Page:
Report - Belfer Center for Science and International Affairs, Harvard Kennedy School

National Counter-Information Operations Strategy

    Authors:
  • Gabriel Cederberg
  • Jordan D'Amato
  • Simon Jones
  • Kunal Kothari
  • Aleksandra Milcheva
  • Irene Solaiman
| February 2019

Introduction

American democracy is under attack. From the daily news to our social media feeds, nation-state competitors target the United States and its citizens, seeking to fuel division and chaos at home while undermining our interests abroad and our will to defend them. It is critical that policymakers and citizens understand these threats and how to counter them. This playbook seeks to ensure that U.S. citizens, not foreign actors, determine the future of U.S. democracy.

While nation-state competitors have employed propaganda and information operations (IO) targeting the United States for decades, in recent years their efforts have changed dramatically. The rise of the Internet and social media as mechanisms for disseminating news has made our country both more globally interconnected and simultaneously more vulnerable to foreign efforts to destabilize our democracy. There is now clear evidence that Russia used influence operations designed to undermine U.S. democracy and citizens’ trust in its integrity in both the 2016 and 2018 election cycles. Adversaries are actively using information as a weapon to attack the United States, our political system, and citizens’ trust in it. 

The consequences for the United States are severe. Foreign actors stoke social tensions and drive partisan politics in our elections. America’s competitors undermine our willingness to defend our beliefs and the rules-based international system—from Ukraine to the South China Sea. The principles upon which our nation was founded are now under ongoing attack, with no letup in sight. Across each of these dimensions, strategic competitors seek to use the free and open nature of our social and political system against us. Russian efforts to undermine our elections are the most significant near-term threat, but it is far from the only challenge we face. In the medium- to long-term, China seeks to displace the United States from the Indo-Pacific and rewrite the rules-based international system to suit its own interests. Iran and North Korea both harbor ambitions to fundamentally change their regional security environments. In each of these cases, information operations targeting the United States are a key tool that our competitors use to pursue their goals.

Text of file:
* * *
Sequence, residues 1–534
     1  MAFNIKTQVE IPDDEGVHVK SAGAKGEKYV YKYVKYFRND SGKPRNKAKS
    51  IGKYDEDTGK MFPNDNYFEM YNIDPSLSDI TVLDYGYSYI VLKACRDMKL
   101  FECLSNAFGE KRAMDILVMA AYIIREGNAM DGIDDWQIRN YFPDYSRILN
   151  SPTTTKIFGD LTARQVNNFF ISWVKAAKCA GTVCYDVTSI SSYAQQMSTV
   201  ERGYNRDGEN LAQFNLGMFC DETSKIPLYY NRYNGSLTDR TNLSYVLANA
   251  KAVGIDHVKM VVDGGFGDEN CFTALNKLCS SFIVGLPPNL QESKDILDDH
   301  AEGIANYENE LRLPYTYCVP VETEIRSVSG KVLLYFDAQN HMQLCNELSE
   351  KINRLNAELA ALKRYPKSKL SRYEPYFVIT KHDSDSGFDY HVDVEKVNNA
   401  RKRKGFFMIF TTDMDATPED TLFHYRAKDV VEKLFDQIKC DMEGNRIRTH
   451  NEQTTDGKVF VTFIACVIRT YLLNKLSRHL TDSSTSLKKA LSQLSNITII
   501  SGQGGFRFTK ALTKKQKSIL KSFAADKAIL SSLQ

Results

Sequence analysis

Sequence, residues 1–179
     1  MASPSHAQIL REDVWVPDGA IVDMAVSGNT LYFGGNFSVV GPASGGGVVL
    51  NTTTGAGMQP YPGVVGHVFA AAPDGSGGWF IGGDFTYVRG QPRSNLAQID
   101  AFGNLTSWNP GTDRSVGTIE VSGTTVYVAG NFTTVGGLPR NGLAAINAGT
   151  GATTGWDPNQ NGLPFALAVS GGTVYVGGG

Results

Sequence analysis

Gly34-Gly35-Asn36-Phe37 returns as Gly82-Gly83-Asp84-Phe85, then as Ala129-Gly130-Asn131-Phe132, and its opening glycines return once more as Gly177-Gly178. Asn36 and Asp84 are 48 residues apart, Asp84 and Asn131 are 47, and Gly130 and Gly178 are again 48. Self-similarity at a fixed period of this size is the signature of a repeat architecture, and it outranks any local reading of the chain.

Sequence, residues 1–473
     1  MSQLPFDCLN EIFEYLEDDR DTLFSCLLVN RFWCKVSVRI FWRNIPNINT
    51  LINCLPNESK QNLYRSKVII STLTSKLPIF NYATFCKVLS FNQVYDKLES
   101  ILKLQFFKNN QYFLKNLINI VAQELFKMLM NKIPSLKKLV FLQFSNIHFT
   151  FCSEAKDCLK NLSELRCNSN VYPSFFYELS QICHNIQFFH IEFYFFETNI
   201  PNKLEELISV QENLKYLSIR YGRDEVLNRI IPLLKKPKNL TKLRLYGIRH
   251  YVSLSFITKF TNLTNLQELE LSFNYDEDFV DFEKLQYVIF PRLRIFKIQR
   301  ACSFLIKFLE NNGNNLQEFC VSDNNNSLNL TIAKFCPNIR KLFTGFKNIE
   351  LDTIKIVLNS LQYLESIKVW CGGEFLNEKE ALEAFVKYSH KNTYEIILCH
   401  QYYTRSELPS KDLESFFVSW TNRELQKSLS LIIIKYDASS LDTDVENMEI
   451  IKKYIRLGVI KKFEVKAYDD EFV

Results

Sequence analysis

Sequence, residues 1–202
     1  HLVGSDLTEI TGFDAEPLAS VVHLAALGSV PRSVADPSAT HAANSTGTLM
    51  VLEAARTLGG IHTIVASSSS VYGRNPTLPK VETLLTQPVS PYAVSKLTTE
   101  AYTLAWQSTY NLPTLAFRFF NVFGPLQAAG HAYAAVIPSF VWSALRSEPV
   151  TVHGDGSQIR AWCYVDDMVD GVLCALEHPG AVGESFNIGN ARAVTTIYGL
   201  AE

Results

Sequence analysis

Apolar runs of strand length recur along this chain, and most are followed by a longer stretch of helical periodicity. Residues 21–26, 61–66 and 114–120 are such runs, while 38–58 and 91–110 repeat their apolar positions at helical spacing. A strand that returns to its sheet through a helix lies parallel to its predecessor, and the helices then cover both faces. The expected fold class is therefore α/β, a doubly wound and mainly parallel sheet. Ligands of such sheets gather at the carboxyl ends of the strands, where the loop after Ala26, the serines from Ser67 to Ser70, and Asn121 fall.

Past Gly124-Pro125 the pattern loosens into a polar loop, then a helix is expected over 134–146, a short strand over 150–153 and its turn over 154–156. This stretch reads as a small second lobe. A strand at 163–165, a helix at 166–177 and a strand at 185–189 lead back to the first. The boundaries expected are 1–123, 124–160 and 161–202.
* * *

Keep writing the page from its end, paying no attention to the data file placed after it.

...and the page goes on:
As a result, the United States urgently needs to understand how it can better prevent information operations and mitigate their effects on our citizens and our democracy. 

This report helps address the challenge posed by IO by defining the IO threats that the United States faces and then outlining an overall approach for countering them in a manner consistent with American values. This approach reflects an integrated, whole-of-nation effort—with a focus on the federal government, but also including relevant players in the private sector and civil society. Finally, the report concludes with a set of concrete actions that each of these actors can take to better counter and mitigate IO.

This Playbook consists of three parts: 

  • Our Approach: Outlines the intent of the playbook and key considerations.
  • Understanding the Threat: Explains threats across the information landscape facing the United States. 
  • Recommendations: Offers 10 key recommendations that the public and private sector in the United States can take now to combat information operations by increasing costs and reducing benefits for competitors.  

 

Read the full playbook by downloading the PDF below:

For more information on this publication: Belfer Communications Office
For Academic Citation: Cederberg, Gabriel, Jordan D'Amato, Corinna Fehst, Simon Jones, Kunal Kothari, Aleksandra Milcheva and Irene Solaiman. “National Counter-Information Operations Strategy.” Belfer Center for Science and International Affairs, Harvard Kennedy School, February 2019.

The Authors